After Beirut blast claims over 100 lives, a search for answers & survivors

Topics Lebanon | blast | explosion

Morning of Tears: A wounded woman being evacuated after a massive explosion rocked downtown Beirut on Tuesday. Photo: PTI
Lebanese rescue workers dug through the mangled wreckage of buildings on Wednesday looking for survivors after a massive warehouse explosion sent a devastating blast wave across Beirut, killing at least 100 people and injuring nearly 4,000.

 
Officials said the toll was expected to rise after Tuesday’s blast at port warehouses that stored highly explosive material. The blast was the most powerful ever to rip through Beirut, a city still scarred by civil war three decades ago and reeling from an economic meltdown and a surge in coronavirus infections.

 
It sent a mushroom cloud into the sky and rattled windows on the Mediterranean island of Cyprus, about 100 miles (160 km) away.

 
President Michel Aoun said 2,750 tonnes of ammonium nitrate, used in fertilisers and bombs, had been stored for six years at the port without safety measures.

 
He told the nation the government was “determined to investigate and expose what happened as soon as possible, to hold the responsible and the negligent accountable, and to sanction them with the most severe punishment.” An official source familiar with preliminary investigations blamed the incident on “inaction and negligence”, saying nothing was done” by committees and judges to order the removal of hazardous material.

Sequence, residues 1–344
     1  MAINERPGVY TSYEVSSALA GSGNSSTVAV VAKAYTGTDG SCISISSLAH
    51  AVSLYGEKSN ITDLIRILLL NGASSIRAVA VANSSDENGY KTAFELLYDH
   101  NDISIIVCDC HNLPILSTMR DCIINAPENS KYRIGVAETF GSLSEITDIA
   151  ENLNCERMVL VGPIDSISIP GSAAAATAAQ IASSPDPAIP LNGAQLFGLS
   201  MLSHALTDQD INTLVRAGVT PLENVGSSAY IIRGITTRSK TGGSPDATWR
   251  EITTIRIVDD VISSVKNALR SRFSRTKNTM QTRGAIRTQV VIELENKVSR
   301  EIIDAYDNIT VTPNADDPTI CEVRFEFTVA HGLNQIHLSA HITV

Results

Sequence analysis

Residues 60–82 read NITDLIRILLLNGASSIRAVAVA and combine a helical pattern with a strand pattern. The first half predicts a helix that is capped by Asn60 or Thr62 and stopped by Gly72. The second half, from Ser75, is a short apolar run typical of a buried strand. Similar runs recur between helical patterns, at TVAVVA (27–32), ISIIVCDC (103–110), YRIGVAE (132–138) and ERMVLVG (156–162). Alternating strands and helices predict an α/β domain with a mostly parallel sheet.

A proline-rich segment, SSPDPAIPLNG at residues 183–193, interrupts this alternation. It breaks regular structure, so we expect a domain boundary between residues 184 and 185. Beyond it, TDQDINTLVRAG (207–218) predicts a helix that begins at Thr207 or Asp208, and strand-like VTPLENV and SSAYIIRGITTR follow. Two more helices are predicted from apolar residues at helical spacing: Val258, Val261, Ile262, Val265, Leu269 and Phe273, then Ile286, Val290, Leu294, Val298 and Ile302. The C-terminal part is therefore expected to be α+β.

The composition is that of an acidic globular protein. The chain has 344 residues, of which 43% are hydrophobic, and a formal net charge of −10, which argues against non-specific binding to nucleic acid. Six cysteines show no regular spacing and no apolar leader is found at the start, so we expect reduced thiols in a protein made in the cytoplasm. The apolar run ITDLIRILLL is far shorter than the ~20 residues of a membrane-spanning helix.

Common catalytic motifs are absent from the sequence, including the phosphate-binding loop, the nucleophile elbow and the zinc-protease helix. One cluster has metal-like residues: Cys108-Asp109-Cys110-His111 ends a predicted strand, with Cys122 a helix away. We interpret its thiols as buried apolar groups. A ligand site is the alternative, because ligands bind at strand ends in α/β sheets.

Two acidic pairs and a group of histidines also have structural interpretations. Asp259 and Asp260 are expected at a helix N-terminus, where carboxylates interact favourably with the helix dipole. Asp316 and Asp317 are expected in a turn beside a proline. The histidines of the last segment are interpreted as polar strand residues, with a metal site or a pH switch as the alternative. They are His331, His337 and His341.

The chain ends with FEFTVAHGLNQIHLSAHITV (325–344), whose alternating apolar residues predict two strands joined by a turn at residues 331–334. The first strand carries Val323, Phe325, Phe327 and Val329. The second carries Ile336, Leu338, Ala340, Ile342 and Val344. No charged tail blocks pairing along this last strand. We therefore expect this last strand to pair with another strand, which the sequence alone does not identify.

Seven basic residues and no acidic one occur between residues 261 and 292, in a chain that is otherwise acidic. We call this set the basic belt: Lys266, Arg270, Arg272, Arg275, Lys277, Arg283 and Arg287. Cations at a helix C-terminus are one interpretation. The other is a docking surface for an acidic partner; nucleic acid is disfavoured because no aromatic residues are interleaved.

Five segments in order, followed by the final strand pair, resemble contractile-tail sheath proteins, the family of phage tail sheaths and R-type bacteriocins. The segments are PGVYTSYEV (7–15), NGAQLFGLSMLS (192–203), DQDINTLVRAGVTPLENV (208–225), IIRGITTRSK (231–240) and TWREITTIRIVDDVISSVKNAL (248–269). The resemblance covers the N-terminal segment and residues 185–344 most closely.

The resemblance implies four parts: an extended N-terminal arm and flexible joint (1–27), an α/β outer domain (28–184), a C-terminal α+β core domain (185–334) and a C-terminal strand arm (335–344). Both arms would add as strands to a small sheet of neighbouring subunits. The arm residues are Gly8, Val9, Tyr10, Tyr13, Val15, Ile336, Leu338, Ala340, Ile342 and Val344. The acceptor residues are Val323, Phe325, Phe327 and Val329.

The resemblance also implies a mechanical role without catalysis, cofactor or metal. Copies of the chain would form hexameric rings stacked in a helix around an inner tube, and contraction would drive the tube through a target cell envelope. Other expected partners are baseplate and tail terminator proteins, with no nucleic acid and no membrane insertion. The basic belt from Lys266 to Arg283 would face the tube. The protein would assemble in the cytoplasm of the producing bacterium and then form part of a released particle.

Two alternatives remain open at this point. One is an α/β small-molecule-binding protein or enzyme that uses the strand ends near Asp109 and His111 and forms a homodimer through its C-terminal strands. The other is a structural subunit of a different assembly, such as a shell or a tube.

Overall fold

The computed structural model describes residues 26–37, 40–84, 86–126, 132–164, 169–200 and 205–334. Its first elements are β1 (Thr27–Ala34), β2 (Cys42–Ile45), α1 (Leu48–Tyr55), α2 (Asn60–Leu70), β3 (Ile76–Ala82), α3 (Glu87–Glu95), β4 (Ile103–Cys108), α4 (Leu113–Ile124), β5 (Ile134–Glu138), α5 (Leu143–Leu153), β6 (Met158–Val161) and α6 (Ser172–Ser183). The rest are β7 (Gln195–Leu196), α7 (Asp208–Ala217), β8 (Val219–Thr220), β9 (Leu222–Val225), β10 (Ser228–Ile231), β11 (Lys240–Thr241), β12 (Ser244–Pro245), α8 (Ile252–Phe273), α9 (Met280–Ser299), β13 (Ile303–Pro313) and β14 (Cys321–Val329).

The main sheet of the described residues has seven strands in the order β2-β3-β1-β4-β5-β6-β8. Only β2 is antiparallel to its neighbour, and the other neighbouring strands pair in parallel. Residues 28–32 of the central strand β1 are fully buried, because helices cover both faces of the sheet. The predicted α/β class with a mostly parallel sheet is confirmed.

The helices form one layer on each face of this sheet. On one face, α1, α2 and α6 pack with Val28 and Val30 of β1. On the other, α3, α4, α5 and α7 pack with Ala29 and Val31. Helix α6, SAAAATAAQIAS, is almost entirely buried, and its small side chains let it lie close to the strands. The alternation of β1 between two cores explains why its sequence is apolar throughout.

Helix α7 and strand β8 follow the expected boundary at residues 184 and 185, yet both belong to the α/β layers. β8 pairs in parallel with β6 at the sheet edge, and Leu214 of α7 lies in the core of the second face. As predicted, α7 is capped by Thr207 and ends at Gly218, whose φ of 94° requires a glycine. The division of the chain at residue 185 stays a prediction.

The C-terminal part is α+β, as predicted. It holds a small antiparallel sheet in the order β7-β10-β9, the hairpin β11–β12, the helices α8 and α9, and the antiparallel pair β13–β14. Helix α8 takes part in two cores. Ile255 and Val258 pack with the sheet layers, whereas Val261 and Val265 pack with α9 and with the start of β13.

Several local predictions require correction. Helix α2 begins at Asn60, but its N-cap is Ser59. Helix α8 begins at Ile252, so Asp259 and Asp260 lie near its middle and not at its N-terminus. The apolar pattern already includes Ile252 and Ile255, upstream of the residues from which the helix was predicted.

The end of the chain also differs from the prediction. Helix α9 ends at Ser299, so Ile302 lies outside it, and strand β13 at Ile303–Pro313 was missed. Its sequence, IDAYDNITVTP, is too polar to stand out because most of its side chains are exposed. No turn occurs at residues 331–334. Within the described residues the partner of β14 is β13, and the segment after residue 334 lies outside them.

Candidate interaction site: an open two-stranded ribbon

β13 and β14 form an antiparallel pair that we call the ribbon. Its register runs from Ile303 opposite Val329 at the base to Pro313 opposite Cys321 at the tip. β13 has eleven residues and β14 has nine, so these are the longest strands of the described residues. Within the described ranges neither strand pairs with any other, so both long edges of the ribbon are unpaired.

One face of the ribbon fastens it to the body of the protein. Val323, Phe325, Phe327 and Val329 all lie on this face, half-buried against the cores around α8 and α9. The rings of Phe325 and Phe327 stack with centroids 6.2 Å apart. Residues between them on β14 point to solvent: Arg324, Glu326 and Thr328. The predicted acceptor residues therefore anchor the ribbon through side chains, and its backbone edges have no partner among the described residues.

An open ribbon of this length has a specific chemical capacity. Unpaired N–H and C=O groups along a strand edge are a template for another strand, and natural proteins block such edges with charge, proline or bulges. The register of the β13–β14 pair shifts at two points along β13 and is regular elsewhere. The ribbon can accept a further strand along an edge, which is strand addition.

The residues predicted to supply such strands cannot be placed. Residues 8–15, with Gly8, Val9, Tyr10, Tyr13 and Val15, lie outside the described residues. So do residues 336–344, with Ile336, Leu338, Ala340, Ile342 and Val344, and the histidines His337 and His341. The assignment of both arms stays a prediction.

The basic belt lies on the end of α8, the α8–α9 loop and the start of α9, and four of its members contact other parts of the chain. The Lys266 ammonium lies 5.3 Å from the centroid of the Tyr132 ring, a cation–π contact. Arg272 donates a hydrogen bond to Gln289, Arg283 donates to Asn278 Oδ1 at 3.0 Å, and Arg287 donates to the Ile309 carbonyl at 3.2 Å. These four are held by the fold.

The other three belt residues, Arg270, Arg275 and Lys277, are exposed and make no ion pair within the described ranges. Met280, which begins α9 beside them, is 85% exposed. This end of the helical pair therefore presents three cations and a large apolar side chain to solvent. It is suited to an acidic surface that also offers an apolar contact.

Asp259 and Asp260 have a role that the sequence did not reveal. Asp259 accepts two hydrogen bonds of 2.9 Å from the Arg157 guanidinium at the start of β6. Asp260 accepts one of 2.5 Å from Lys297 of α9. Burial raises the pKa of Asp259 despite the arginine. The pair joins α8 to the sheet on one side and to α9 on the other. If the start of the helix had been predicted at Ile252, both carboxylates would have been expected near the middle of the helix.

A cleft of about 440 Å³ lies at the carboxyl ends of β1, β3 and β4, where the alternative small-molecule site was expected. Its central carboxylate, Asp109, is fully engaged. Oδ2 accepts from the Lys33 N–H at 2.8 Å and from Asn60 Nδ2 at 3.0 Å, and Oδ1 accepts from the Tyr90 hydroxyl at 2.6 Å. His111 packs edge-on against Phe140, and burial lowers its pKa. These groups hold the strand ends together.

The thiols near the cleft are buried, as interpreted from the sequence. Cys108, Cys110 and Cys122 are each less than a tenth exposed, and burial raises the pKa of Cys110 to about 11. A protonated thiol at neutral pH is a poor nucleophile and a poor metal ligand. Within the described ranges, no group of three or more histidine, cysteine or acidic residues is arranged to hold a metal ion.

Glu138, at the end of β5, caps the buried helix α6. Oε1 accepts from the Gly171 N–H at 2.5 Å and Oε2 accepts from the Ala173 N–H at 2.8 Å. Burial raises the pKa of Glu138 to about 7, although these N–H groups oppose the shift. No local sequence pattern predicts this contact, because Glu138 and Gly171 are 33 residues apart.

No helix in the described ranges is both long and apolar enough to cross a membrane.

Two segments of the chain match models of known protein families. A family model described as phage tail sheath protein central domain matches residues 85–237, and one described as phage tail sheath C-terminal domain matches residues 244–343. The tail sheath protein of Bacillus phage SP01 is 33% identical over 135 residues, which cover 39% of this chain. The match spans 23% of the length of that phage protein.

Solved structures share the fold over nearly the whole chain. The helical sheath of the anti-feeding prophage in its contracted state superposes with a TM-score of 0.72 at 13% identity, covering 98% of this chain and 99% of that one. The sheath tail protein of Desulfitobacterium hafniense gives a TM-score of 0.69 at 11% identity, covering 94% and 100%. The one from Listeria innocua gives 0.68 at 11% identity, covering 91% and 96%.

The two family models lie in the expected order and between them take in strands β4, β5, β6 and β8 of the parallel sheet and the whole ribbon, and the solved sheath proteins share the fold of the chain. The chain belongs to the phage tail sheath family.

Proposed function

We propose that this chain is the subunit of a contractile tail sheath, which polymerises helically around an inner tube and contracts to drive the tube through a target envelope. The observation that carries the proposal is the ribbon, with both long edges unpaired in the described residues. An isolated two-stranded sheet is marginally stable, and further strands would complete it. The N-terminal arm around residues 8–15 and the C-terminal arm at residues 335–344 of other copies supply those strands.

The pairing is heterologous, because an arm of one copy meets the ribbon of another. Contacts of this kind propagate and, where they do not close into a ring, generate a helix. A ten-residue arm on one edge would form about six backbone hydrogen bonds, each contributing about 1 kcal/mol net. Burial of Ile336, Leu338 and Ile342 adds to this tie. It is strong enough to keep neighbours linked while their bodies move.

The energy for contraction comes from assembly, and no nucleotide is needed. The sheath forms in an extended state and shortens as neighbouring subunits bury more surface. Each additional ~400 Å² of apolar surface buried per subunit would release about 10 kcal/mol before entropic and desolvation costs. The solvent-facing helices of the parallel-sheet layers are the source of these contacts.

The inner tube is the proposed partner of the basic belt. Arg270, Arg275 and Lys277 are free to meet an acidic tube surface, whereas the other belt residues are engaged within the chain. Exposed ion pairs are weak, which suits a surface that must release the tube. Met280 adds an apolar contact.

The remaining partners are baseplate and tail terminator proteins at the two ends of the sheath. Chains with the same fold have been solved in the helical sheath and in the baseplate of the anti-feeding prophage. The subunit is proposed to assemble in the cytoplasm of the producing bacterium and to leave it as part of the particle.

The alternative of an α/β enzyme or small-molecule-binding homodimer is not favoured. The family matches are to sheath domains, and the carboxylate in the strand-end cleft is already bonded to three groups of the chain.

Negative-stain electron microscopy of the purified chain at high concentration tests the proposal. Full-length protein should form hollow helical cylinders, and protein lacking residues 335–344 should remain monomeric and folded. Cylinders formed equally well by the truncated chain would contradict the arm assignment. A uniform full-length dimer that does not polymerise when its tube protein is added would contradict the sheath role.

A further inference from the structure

Ordinary Lebanese, who have lost jobs and watched savings evaporate in Lebanon’s financial crisis, blamed politicians who have overseen decades of state corruption and bad governance. “This is a catastrophe for Beirut and Lebanon.” Beirut’s mayor, Jamal Itani, told Reuters while inspecting damage he estimated ran into billions of dollars. The head of Lebanon’s Red Cross, George Kettani, said at least 100 people were killed and search efforts continued.

 
Tracing the missing

 
Relatives gathered at the cordon to Beirut port seeking information on missing relatives, Lebanon’s MTV footage showed.
The intensity of the blast threw victims into the sea where rescue teams tried to recover bodies. Many of those killed were port and custom employees and people working in the area or driving through during the Tuesday evening rush hour.

 
Façades of central Beirut buildings were ripped off, furniture was sucked into streets, and roads were strewn with glass and debris. Cars near the port were flipped over.

 
“This is the killer blow for Beirut, we are a disaster zone. My building shuddered, I thought it was an earthquake,” said Bilal, a man in his 60s, in the downtown area.

 
Food crisis looms

 
The country’s main grain silo at Beirut port was also destroyed in the blast, leaving the nation with less than a month’s reserves of the grain but enough flour to avoid a crisis, the economy minister said.

 
Raoul Nehme told Reuters that Lebanon needed reserves for at least three months to ensure food security and was looking at other storage areas. “There is no bread or flour crisis,” the minister said. “We have enough inventory and boats on their way to cover the needs of Lebanon on the long term.” He said grain reserves in Lebanon's remaining silos stood at “a bit less than a month”, but said the destroyed silos had only held 15,000 tonnes of the grain at the time, much less than capacity which one official put at 120,000 tonnes.

 
UN agencies are meeting on Wednesday to coordinate relief efforts for Beirut, Tamara al-Rifai, a spokeswoman for the Palestinian refugee agency UNRWA, told Reuters.

 
Lebanon is trying to transfer immediately four vessels carrying 25,000 tonnes of flour to the port in Tripoli, one official told LBCI news channel.


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